birding-aus Fw: Dawn chorus

To: "birding aus" <>
Subject: birding-aus Fw: Dawn chorus
From: "Philip A Veerman" <>
Date: Fri, 5 Feb 1999 16:54:00 +1100

-----Original Message-----
From: Philip A Veerman <>
To: Michael Todd <>
Date: Friday, 5 February 1999 16:53
Subject: Re: Dawn chorus

>Yes, and my report on the effects of the Total Solar Eclipse over Victoria
>on 23-10-1976. Aust. Bird Watcher 9(6):179-209 demonstrated how birds
>responded to a false dawn in the late afternoon, with pseudo dawn chorus.
>(This has often been alleged elsewhere from small amounts of data but my
>paper was based on a larger than usual study - approx. 150 reports.)
>-----Original Message-----
>From: Michael Todd <>
>To: David Geering <>; 
>Date: Friday, 5 February 1999 16:09
>Subject: Re: birding-aus Re: Early birds
>>Hello everyone,
>>For those that are interested there were a couple of very interesting
>>articles published in the Emu and Corella by Allen Keast about 5 years ago
>>about what time certain birds rose in the morning and on calling
>>The articles are:
>>A. Keast. Temporal vocalisation patterns in members of a eucalypt forest
>>bird community: the effects of weather on song production. Emu 94
>>(3):172-180, 1994.
>>A. Keast. The dawn chorus in a eucalypt forest bird community, seasonal
>>shifts in timing and contribution of individual species. Corella 18
>>(5):133-140, 1994.
>>Michael Todd
>>Finch Researcher,
>>Dept.of Environment and Heritage,
>>Pormpuraaw, Qld, Australia, 4871
>>-----Original Message-----
>>From: David Geering <>
>>To:  <>
>>Date: Wednesday, 3 February 1999 8:45
>>Subject: birding-aus Re: Early birds
>>>I suggest that early calling birds are not necessarily feeding but
>>>from their roost site (or perhaps nearby - don't want to tell everyone
>>>where you sleep I suppose).  There are a number of theories about why
>>>call in a dawn chorus.  Advertising their territory one good explanation,
>>>sounding of the roll call another - Oh dear! Ralph the Catbird died in
>>>My experience of regularly camping in the northern NSW rainforests are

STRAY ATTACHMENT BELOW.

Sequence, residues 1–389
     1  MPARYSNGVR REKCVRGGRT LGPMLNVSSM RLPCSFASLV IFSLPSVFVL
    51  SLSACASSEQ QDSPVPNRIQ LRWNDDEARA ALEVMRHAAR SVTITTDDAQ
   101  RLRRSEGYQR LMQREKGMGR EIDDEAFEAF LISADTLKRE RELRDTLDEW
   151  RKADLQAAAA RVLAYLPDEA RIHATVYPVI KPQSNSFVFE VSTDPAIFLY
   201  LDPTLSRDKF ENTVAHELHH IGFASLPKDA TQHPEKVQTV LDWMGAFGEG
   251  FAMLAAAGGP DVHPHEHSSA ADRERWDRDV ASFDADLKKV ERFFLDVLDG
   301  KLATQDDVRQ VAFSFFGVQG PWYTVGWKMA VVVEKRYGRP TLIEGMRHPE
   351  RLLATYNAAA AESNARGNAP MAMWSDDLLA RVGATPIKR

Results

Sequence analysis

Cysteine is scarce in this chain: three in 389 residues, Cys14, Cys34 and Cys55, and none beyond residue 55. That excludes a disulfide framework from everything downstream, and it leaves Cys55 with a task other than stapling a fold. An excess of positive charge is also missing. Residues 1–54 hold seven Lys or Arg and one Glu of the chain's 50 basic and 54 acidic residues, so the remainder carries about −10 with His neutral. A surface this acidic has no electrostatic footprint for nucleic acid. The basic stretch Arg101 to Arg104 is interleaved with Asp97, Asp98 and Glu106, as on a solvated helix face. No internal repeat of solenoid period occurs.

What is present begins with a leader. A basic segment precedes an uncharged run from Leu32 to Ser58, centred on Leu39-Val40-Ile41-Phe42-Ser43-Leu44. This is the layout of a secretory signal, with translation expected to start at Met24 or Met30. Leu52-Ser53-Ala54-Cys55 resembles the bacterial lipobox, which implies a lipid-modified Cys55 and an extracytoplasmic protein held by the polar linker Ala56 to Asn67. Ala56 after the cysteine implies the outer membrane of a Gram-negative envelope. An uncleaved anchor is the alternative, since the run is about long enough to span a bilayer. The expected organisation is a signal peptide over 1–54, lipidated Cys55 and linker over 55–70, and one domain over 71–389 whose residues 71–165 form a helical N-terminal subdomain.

>>>the early callers are Eastern Yellow Robin, Bassian and Russet-tailed
>>>Thrush, Catbird and Logrunners.  Many years ago I placed a tape record in
>>>rainforest gully to get a recording of the dawn chorus and then went back
>>>to bed.  The result was impressive - from silence to a gradual, but
>>>quick, increase in the number of species calling.  A Russet-tailed Thrush
>>>gradually came closer and closer until I swear that it was just in front
>>>the microphone.  Obviously this species is on the move early.
>>>While setting mist-nests in rainforest, often in the half dark, it was
>>>unusual to catch birds before the net was on the second set of poles.
>>>These were often Lewin's Honeyeaters.  Guess that the early bird also
>>>the early fruit, at least you get your fair share.  Other early movers
>>>the thrushes and Catbirds.  If I was going to catch a Catbird it was
>>>invariably first thing before sunrise.  This might merely reflect that
>>>move lower early in the day but they were on the move before full light.
>>>To unsubscribe from this list, please send a message to
>>>Include "unsubscribe birding-aus" in the message body (without the
>>To unsubscribe from this list, please send a message to
>>Include "unsubscribe birding-aus" in the message body (without the quotes)

To unsubscribe from this list, please send a message to

Include "unsubscribe birding-aus" in the message body (without the quotes)

<Prev in Thread] Current Thread [Next in Thread>
  • birding-aus Fw: Dawn chorus, Philip A Veerman <=

The University of NSW School of Computer and Engineering takes no responsibility for the contents of this archive. It is purely a compilation of material sent by many people to the birding-aus mailing list. It has not been checked for accuracy nor its content verified in any way. If you wish to get material removed from the archive or have other queries about the archive e-mail Andrew Taylor at this address: andrewt@cse.unsw.EDU.AU